Future shop gives 53,000 sq. ft. middle finger to recession

This past Wednesday evening Alan and I got the opportunity to get a tour of the new Future Shop in South Edmonton Common. They gave us food, a tour, and a free bluetooth headset in the interests of biasing our opinions.

This store is massive. It’s more than double the size of an average Future Shop. Imagine a Costco-sized warehouse dedicated to electronics.

But they weren’t going to settle with being the largest store, this is also a special pilot store where they plan on introducing new product lines and feeling out new markets.

The store now sells musical instruments. Guitars, amps, drums, turntables, and connectivity solutions to record it all on your computer. And this isn’t just no-name brands, for guitars they had Washburn and Yamaha, with Fender on the way and deals in the works with Gibson, for amps they have Line 6, Crate, and Vox. They have a wall of electric guitars, a quiet room for acoustic guitars, a room to test drum sets, and finally, a room for music lessons they plan to offer.

On top of all of this, the instruments are all hands on. You can grab any guitar from the wall (including the $3000 ones), plug them in to any amp (including the stacks) and just try them out. The same goes for the acoustics, keyboards, and electronic drum sets. There also seemed to be little pressure from sales staff in this section, which was nice.

Also new to this location was the sale of fitness equipment. Since many new treadmills and stationary bikes are now coming equipped with TVs, they felt it was a perfect fit. The area wasn’t completely finished when I saw it, but it looked promising.

They were also putting on the finishing touches (contractors were working at 7 PM) on their appliance displays. These displays will be model kitchens so that you can see what the appliances actually look like in sample kitchens.

In the centre of the store they are also trying out another new method of interaction. They’ve hired a number of staff members whose sole job is to answer tech questions. They can’t sell products, but can refer you to sales staff if you so desire. The idea here is that if you want to figure out how to get that new digital camera to work with a printer that they’ll help you out.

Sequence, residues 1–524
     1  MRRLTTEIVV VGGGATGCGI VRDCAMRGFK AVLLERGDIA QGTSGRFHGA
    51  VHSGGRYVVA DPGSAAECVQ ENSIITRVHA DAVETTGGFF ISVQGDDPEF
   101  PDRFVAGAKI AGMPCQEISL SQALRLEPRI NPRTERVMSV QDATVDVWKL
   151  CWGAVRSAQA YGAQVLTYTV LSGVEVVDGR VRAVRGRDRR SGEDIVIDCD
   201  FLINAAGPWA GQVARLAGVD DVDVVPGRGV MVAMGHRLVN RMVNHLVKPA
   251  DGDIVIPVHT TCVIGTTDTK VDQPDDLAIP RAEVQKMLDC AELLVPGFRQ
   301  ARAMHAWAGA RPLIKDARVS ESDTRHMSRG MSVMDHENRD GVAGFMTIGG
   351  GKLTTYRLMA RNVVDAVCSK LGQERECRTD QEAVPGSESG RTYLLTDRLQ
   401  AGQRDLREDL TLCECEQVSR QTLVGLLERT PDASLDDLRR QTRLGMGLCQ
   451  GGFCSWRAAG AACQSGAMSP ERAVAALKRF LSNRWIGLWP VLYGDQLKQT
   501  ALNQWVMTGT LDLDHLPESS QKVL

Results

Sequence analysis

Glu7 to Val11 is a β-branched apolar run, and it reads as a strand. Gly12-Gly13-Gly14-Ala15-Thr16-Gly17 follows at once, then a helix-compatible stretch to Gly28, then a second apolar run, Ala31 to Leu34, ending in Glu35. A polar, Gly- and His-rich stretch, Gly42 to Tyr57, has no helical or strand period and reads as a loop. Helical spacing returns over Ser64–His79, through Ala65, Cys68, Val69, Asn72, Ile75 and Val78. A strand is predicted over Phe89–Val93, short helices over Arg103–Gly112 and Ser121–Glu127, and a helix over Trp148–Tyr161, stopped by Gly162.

Finally, there were three towers called “trees” around the store. These trees consisted of numerous plasma displays climbing to the roof. At the base were between 4 and 6 stations where you could interact with the tree. One was dedicated to console gaming, so a Wii, XBOX and Playstation were all hooked up (and the monitors would display different screens from each). Another tree was dedicated to computer gaming, and they had low, mid, high end desktops and laptops hooked up. I was impressed here that they didn’t just stick the killer systems on to pretend that’s how all computers play. The final tree was dedicated to cellular providers, and showed ads from the various cell phone companies. This tree also had a bluetooth hub so if you’re bluetooth was on and you walked by you’d receive a message from Future Shop (perhaps an ad for sales or just a “Hello”).

Overall this was an impressive store. You could easily spend a long day in there just roaming the various sections. And for someone who’s always had a soft spot for shopping at the box retailer, I must say that I was very pleased.